In March 2020, governments around the world took action to stall the advent of the novel coronavirus (Covid-19) by implementing a range of “social distancing” rules. These measures have meant that market participants may be unable to print and sign documents with “wet ink” in accordance with usual practice; there are additional complications if a witness is required. These circumstances have brought into sharp focus an enduring question about the status of electronic execution in law.
An example of a key financial markets activity which, in normal circumstances, requires a “wet ink” signature is that of the signing, authentication and effectuation process for global notes. For example, as far as standalone Eurobonds are concerned, a global note needs to be signed by the issuer and then delivered to the agent to authenticate. If the global is a “New Global Note”, a third step of effectuation is required by the common safekeeper. “Wet ink” signatures have traditionally been required at all three stages.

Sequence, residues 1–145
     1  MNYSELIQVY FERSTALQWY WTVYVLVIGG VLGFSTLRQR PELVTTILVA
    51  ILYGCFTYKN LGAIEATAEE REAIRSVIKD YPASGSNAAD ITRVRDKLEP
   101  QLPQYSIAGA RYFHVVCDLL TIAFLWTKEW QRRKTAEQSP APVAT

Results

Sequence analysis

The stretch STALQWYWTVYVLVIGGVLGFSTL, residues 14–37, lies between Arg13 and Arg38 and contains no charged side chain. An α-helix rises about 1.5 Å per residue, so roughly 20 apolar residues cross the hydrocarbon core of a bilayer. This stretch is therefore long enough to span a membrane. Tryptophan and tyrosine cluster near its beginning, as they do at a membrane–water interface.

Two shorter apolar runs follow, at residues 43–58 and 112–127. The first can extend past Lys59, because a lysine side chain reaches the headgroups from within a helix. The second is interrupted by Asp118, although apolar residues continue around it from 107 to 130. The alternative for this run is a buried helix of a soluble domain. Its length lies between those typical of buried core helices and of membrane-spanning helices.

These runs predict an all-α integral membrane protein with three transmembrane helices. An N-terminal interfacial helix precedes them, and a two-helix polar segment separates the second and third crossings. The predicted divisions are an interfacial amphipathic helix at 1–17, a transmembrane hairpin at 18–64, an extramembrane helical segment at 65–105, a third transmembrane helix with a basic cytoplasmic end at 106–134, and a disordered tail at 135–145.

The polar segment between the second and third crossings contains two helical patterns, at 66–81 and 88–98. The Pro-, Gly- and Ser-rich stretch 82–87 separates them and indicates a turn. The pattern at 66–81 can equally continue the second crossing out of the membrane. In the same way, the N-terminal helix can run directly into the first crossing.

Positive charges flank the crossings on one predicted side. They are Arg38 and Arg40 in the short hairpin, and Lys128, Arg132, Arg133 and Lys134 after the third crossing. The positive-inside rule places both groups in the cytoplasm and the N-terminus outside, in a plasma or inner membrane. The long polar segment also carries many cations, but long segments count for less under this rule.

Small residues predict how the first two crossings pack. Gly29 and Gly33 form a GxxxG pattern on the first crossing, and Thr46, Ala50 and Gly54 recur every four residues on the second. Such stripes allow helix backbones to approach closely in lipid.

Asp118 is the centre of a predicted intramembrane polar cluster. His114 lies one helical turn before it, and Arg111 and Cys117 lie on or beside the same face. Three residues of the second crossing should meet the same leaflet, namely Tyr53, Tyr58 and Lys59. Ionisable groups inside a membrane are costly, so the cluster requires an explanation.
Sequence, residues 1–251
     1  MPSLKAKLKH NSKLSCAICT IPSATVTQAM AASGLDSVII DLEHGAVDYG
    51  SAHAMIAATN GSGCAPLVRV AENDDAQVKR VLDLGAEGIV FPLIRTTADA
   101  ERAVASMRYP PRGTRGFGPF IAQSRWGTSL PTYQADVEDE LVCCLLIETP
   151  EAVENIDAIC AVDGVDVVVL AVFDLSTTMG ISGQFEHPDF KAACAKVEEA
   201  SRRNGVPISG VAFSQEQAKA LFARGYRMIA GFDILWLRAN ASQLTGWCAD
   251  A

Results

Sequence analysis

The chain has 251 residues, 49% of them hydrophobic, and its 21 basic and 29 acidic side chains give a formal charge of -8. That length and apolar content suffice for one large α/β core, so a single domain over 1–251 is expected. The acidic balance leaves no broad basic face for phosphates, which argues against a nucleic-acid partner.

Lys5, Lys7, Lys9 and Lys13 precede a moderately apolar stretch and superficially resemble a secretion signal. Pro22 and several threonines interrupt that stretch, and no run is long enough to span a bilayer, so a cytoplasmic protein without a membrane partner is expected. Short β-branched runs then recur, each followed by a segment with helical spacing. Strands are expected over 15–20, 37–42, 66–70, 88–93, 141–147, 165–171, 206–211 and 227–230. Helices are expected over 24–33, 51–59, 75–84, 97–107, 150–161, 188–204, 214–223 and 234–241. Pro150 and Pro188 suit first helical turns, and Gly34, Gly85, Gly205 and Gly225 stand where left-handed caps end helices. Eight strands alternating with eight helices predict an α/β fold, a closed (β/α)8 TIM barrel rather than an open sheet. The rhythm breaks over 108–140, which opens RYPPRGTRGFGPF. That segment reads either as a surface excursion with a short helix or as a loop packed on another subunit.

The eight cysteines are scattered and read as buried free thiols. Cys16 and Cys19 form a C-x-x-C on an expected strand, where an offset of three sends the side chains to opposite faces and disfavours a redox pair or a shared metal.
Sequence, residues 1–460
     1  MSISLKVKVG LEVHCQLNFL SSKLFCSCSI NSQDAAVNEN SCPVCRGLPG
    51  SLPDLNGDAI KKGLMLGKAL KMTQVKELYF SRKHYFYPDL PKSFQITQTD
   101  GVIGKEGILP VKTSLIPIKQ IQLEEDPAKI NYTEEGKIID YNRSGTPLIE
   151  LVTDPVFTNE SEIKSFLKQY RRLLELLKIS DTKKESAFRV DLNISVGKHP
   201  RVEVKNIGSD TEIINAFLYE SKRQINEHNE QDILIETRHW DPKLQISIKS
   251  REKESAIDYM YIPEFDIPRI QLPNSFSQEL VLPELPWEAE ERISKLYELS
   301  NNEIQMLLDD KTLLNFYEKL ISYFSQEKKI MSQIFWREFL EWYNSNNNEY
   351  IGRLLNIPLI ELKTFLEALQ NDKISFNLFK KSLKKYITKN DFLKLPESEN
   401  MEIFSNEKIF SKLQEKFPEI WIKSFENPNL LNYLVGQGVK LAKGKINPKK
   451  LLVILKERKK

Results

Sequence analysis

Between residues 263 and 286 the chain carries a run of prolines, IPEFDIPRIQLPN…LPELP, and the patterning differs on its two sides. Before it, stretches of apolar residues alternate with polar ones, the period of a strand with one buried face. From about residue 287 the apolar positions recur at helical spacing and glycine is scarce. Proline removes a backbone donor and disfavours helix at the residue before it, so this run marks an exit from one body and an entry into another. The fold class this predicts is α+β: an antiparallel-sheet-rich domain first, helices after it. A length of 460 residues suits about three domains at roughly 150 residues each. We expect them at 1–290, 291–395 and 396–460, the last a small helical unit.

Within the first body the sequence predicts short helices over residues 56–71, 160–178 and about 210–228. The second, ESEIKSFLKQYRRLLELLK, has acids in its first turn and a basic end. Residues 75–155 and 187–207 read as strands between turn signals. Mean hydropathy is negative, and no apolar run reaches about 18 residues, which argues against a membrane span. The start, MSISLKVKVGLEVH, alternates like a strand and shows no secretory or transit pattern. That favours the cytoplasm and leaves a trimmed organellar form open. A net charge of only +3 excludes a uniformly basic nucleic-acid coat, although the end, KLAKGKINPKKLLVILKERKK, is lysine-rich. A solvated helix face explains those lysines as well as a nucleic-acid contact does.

In reaction to the new circumstances, and to facilitate the conduct of business as smoothly as possible, the FMLC understands that the International Central Securities Depositories (“ICSDs”) have suggested temporary amendments to their procedure which incorporate electronic signatures and include a requirement to check the legal validity of electronic signatures of global notes under the issuing laws of the global notes. In this context, the FMLC has published this paper surveying the position of electronic signatures under the main jurisdictions which govern global notes.
Available as: PDF.